Background: This study sought to determine the optimal number of examined lymph nodes (ELNs) and examined node stations (ENSs) in patients with radiologically pure-solid non–small cell lung cancer (NSCLC) who underwent lobectomy and ipsilateral lymphadenectomy by investigating the impact of ELNs and ENSs on accurate staging and long-term survival. Materials and Methods: Data from 6 institutions in China on resected clinical stage I–II (cI–II) NSCLCs presenting as pure-solid tumors were analyzed for the impact of ELNs and ENSs on nodal upstaging, stage migration, recurrence-free survival (RFS), and overall survival (OS). Correlations between different endpoints and ELNs or ENSs were fitted with a LOWESS smoother, and the structural break points were determined by Chow test. Results: Both ELNs and ENSs were identified as independent prognostic factors for OS (ENS hazard ratio [HR], 0.690; 95% CI, 0.597–0.797; P<.001; ELN HR, 0.950; 95% CI, 0.917–0.983; P=.004) and RFS (ENS HR, 0.859; 95% CI, 0.793–0.931; P<.001; ELN HR, 0.960; 95% CI, 0.942–0.962; P<.001), which were also associated with postoperative nodal upstaging (ENS odds ratio [OR], 1.057; 95% CI, 1.002–1.187; P=.004; ELN OR, 1.186; 95% CI, 1.148–1.226; P<.001). A greater number of ELNs and ENSs correlated with a higher accuracy of nodal staging and a lower probability of stage migration. Cut-point analysis revealed an optimal cutoff of 18 LNs and 6 node stations for stage cI–II pure-solid NSCLCs, which were validated in our multi-institutional cohort. Conclusions: Extensive examination of LNs and node stations seemed crucial to predicting accurate staging and survival outcomes. A threshold of 18 LNs and 6 node stations might be considered for evaluating the quality of LN examination in patients with stage cI–II radiologically pure-solid NSCLCs.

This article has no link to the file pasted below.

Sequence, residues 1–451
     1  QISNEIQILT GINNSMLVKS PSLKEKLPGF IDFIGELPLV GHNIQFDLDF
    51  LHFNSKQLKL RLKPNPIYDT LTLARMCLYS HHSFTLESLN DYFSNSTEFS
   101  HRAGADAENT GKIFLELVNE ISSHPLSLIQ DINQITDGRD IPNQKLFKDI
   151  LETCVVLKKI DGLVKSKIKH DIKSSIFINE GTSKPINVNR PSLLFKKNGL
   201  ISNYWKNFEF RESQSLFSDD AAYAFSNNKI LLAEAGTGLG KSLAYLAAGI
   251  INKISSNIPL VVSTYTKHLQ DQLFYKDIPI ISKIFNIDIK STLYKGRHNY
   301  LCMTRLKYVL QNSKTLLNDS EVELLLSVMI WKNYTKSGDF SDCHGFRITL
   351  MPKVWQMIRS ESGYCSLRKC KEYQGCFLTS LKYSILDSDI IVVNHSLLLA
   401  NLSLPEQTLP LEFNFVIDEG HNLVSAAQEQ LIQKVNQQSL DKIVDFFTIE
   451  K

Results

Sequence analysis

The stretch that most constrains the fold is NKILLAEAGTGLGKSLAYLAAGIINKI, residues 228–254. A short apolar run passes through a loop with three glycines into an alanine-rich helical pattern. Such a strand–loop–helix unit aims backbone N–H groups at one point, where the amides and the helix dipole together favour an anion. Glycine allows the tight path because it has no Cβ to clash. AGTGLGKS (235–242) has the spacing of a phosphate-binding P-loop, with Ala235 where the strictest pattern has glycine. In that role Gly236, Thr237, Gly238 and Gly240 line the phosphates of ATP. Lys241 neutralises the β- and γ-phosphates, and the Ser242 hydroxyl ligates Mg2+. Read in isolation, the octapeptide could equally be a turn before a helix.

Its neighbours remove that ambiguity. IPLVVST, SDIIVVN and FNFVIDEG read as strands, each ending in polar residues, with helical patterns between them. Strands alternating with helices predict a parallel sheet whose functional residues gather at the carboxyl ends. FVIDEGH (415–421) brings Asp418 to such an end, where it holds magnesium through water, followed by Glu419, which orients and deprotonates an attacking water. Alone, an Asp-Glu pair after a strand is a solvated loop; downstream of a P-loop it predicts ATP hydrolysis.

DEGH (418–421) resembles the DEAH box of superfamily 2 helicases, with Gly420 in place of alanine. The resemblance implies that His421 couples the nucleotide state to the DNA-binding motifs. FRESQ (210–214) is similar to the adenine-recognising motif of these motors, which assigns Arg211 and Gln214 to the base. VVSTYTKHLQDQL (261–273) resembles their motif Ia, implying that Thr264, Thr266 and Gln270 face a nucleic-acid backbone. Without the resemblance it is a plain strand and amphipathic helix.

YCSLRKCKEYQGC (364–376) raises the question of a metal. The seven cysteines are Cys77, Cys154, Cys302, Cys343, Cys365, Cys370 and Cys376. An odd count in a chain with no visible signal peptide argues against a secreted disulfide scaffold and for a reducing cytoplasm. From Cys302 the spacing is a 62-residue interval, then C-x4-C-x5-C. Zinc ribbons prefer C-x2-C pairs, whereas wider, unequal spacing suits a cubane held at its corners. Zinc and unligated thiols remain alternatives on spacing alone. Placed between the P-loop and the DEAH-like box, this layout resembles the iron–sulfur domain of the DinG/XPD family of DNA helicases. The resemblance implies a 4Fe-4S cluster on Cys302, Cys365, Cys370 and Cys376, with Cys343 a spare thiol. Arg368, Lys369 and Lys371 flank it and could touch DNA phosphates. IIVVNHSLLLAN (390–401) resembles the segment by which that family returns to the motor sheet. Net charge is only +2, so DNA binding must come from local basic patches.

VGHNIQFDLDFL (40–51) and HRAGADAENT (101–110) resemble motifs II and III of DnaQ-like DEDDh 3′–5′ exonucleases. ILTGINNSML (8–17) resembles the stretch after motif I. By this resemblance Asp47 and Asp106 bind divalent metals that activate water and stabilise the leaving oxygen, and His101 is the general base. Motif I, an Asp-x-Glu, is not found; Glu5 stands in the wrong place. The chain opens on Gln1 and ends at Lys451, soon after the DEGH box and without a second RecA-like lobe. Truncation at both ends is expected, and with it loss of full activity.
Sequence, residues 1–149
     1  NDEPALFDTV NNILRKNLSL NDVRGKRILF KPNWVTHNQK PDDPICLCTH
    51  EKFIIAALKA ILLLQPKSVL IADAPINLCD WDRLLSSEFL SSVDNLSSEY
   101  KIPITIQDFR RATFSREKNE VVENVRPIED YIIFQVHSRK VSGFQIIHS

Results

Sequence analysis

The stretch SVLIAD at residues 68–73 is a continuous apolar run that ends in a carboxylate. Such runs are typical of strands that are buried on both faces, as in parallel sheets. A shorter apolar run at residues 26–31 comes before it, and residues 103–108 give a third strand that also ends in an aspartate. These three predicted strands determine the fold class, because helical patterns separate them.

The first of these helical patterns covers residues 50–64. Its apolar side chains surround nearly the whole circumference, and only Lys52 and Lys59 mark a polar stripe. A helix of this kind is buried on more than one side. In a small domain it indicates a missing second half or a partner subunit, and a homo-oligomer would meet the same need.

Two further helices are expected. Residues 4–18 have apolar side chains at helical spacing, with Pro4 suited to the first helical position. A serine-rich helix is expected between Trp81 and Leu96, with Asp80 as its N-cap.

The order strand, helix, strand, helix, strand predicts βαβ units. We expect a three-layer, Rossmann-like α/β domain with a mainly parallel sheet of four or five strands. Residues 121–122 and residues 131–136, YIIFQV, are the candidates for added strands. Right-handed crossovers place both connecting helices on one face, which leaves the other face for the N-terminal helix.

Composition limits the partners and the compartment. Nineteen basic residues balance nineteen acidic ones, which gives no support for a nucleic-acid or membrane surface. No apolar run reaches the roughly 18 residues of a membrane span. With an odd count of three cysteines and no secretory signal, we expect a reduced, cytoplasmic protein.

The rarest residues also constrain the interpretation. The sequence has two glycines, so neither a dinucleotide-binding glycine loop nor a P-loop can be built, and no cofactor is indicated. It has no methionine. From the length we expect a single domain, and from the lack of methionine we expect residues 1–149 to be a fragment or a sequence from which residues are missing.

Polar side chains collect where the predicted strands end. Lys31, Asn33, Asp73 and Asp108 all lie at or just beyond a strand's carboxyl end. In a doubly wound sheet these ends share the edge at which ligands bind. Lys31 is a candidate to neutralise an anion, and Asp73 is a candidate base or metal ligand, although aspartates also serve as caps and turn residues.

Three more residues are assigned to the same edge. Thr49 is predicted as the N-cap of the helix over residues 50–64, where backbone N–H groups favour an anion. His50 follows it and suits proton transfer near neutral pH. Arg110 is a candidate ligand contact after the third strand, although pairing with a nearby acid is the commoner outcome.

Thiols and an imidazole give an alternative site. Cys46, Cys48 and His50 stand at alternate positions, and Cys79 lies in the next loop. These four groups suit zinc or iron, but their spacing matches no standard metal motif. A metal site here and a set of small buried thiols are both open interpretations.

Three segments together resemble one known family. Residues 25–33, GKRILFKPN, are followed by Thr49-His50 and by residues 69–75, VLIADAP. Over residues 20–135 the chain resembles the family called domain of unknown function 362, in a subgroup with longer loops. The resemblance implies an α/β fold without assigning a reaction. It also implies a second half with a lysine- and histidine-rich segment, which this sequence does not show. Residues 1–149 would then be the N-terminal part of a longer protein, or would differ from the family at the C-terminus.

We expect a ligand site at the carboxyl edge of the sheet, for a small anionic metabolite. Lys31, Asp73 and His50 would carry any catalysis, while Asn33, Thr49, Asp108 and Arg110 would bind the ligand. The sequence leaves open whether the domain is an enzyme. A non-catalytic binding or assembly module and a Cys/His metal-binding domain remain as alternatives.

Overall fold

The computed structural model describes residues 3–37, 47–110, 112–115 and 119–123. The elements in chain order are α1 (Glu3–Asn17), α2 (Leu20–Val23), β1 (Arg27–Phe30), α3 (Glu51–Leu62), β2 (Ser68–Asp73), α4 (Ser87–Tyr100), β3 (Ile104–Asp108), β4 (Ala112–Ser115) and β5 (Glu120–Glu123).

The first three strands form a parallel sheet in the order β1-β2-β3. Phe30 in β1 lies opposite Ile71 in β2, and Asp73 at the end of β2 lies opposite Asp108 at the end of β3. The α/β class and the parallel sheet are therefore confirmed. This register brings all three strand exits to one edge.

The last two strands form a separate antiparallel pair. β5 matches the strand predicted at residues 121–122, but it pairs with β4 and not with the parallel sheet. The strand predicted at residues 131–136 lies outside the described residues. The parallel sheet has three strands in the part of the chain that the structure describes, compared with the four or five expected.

Submitted February 12, 2020; accepted for publication August 6, 2020. Published online January 28, 2021.
Author contributions: Study concept and design: D. Chen, Mao, Wen, Xue, Fan, Y. Chen, C. Chen. Data acquisition: Shu, Ye, She, Ding, Shi, Xue. Data analysis and interpretation: D. Chen, Mao, Wen. Manuscript preparation: D. Chen, Mao, Wen, Shu, Ye, She, Ding, Shi. Critical revision: Xue, Fan, Y. Chen, C. Chen. Supervision: Fan, Y. Chen, C. Chen.
Disclosures: The authors have disclosed that they have not received any financial consideration from any person or organization to support the preparation, analysis, results, or discussion of this article.
Funding: This work was supported by projects from the Shanghai Hospital Development Center (SHDC12015116); the National Natural Science Foundation of China (81802256); the Science and Technology Commission of Shanghai Municipality (15411968400 and 14411962600); the Suzhou Key Laboratory of Thoracic Oncology (SZS201907); the Suzhou Key Discipline for Medicine (SZXK201803); the Municipal Program of People’s Livelihood Science and Technology in Suzhou (SS2019061); Jiangsu Key Research and Development Plan (Social Development) Project (BE2020653); and Clinical Research Plan of Shanghai Hospital Development Center (SHDC2020CR3025B).